On July 17 Mathew Traver and I traveled to the Malaysian Island of Tioman in the South China Sea. Our objective was the first ascent of the west face of Dragon’s Horns (Bukit Nekek Semekut), a big wall rising from the canopy of the rainforest on the south coast of the island. The Horns (693m) are two grano- diorite towers and, according to legend, are the resting place of a mythical Chinese princess who decided to stop there while flying to her prince in Singapore. When seen from the west, the southeast arête shows a distinct nose, mouth, and forehead, presumably forming her face.
Getting to the closest village, Mukut, proved straightforward though time-consuming. Reliable buses run from Singapore and Kuala Lumpur to the port of Mersing, the main embarkation point for Tioman Island. A regular ferry service connects Mersing and Genting on Tioman, though the ferry operator saw fit to charge us an additional two passages for our five haul bags.
From Genting we hitched a ride on a fishing boat to the tiny village of Mukut, arriving on the 19th with our five bags and supplies for the wall. It took 10 days’ trail-cutting through the undergrowth to reach the base of the west face and a further six days of ferrying loads to install ourselves at our jungle base camp, which became affectionately known as the “Trench” on account of its dank, muddy, and insect-infested nature.
The approach had been physically and mentally draining. The heat and humidity, coupled with the repetitive nature of load-carrying, had us both suffering from exhaustion. After a few days rest in Mukut, we headed back into the jungle to begin fixing.
We scrambled up 3rd- and 4th-class gullies to the base of the South Dragon’s Horn and fixed two pitches to a large forested terrace. A good system of cracks led from the center of the terrace toward a conspicuous overhang dubbed the Great Roof. We fixed an additional two pitches from the terrace, before hauling our bags to the high point. We then pulled our ropes and went capsule-style.
We made a long hook traverse beneath the roof to reach a clean corner-crack. This led to a seam, which we climbed on aid to cross the roof. This section proved to be the most challenging and time-consuming of the route. The aid, primarily on hooks and marginal gear, took 12 hours to complete. The remainder of the route was a mixture of free climbing and moderate aid. Protection on the free pitches was poor and spaced, the climbing characterized by waterwarn pockets and grooves, often friable. The majority of the aid pitches required multiple hooking and/or thin placements. Matt suffered an inflammation of the ankle when three days in, which not only restricted his mobility, but also coincided with a fever and an illness. Fortunately, as we were 400m up the route, it passed quickly.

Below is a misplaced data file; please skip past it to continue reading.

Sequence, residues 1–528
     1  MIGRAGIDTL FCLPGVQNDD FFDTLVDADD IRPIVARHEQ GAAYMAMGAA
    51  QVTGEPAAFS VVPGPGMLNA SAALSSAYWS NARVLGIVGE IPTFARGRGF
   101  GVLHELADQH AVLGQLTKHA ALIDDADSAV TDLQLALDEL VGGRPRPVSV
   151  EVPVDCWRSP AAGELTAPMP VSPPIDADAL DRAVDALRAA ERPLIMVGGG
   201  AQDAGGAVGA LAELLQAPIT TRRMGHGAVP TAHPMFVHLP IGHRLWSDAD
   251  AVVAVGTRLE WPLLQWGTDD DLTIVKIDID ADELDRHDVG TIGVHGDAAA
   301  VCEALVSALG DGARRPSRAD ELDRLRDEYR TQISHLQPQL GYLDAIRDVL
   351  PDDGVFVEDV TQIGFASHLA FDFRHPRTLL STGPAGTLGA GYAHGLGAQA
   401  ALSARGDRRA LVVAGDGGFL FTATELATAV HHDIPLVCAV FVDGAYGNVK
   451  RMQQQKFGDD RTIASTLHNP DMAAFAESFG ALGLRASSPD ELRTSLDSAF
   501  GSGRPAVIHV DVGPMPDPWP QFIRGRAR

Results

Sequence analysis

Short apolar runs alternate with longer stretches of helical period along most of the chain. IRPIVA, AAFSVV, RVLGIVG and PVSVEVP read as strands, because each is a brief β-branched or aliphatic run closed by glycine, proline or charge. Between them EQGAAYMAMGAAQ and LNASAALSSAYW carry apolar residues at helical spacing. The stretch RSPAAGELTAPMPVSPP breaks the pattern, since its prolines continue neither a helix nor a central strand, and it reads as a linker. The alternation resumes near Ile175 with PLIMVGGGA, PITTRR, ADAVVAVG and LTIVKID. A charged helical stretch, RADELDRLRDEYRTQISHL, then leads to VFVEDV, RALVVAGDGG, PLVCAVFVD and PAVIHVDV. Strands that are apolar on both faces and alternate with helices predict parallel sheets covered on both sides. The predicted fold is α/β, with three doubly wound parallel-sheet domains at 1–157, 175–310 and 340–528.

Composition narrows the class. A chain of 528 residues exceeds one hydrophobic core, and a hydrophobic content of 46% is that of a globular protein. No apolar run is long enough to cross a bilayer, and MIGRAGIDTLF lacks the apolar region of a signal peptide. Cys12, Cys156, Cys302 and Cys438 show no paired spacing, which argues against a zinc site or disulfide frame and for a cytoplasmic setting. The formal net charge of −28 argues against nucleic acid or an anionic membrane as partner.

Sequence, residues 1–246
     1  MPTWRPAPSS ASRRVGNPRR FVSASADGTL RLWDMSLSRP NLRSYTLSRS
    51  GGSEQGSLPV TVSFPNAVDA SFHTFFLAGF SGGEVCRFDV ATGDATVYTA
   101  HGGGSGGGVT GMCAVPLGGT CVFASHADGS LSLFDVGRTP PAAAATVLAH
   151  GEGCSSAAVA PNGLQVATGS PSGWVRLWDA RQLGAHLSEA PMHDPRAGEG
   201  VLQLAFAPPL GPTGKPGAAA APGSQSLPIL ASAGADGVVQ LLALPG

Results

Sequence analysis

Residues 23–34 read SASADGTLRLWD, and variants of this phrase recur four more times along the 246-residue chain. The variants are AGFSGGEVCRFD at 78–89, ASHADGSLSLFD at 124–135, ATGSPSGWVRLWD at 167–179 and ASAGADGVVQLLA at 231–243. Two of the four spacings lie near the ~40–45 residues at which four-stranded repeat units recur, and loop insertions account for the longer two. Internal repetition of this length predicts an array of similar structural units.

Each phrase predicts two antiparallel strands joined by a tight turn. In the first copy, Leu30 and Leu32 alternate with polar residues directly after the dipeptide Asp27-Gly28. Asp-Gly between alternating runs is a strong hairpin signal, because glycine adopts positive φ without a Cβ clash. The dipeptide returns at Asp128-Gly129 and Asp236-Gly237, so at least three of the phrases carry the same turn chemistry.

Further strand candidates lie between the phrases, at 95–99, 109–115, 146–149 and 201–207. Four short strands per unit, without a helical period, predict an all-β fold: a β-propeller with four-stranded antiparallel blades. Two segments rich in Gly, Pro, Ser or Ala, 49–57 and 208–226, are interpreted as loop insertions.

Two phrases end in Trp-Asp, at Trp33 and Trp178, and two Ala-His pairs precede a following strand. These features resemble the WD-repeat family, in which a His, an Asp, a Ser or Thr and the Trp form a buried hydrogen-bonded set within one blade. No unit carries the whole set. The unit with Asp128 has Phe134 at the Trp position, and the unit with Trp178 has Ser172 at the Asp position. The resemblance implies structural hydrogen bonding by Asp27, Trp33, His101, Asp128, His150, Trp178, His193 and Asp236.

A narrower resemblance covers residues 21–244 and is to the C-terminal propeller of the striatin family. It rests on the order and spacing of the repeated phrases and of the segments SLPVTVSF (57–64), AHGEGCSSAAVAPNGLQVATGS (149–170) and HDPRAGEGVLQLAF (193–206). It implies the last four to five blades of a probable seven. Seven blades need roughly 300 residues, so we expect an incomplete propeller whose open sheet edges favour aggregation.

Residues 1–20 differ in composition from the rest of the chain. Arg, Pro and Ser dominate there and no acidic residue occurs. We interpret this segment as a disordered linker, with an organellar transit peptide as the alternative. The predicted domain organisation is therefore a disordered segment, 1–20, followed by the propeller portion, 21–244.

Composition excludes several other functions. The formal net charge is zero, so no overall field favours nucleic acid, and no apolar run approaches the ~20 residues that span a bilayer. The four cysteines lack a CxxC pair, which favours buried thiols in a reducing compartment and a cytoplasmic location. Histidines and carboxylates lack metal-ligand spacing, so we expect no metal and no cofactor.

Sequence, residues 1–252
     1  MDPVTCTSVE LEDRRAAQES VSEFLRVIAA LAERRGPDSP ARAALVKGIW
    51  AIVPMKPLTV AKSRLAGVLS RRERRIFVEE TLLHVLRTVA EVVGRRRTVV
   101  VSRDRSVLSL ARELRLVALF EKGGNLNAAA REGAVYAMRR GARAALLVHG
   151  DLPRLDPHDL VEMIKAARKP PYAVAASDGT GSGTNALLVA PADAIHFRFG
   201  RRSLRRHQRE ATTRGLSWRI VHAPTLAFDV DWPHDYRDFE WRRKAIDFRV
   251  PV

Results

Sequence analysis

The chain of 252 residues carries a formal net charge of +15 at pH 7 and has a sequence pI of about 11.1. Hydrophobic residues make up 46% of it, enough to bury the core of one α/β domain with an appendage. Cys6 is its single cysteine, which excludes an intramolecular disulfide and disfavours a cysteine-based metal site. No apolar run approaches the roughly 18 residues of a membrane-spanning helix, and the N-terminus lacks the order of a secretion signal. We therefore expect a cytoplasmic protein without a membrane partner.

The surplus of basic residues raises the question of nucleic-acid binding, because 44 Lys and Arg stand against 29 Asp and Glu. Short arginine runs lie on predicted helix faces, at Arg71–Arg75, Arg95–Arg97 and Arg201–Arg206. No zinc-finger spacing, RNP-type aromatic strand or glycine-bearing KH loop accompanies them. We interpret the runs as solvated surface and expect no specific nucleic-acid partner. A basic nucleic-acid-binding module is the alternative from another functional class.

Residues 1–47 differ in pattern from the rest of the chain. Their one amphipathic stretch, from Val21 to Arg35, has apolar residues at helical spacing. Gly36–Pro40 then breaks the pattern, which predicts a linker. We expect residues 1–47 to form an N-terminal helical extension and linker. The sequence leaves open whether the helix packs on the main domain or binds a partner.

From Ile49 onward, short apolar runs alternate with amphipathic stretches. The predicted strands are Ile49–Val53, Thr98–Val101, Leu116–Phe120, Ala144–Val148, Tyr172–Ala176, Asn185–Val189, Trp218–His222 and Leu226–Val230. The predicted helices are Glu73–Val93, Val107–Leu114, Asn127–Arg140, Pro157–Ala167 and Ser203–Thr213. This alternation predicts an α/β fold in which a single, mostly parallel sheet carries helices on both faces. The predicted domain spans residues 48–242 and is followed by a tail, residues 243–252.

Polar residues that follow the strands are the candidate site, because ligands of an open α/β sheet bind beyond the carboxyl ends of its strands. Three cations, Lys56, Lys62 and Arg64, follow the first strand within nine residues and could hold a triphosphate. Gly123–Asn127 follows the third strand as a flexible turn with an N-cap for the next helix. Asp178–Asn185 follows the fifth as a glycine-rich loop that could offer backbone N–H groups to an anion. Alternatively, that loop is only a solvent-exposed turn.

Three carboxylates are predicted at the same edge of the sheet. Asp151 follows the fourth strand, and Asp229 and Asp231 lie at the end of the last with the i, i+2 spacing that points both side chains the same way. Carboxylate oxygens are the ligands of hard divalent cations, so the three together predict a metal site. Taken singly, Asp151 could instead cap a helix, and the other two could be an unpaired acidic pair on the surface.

Our planned exit was blocked by large blocks, perched precariously above the portaledge and belay. Not willing to risk dislodging them, we instead climbed through blocky overhangs to a curving crack that brought us to a steep and exposed wall. Three long pitches took us to the summit, which we reached on August 19.
From the time we launched capsule style, it took five days to reach the top. It took another day to rappel the route, regain the Trench, and shuttle out most of our load in a single push. We called our line the BeckwithTraver Route (13 pitches, 5.10 A3). Throughout our time on the wall the weather was mostly dry, though often windless and a scorching 35°C.
From high on the face we could see deep into the untouched interior of the island. To the northwest lay Mumbar Peak, featuring a wall, estimated to be nearly 800m high, rising out of the forest to the summit plateau. Projecting from the top was a series of spires. Farther into the dense forest a number of smaller walls rose into needle-like spires. And the North Dragon’s Horn remains unattempted.
Steve Beckwith, U.K.
Editor’s note: Prior to the arrival of the British pair, there was only one established route on the entire island, Waking Dream on the south face of South Dragon’s Horn. This 10-pitch climb was put up in 1999 by Scotty Nelson and Nick Tomlin at 5.9 and A2; it was repeated in 2002 by Malaysians Rosmann and Sharin, supported by Abudullah Danial, Akmal Noor, and Al Haleq. These five created an important, mostly free, variant above half-height; the climb attracted so much national attention that the ascent made front-page news in the Malaysian Star. In 2004 Americans Hank Jones and Dave Sharratt visited the island and made the third ascent. After working the route, they eventually climbed it free in a single push at 5.13a.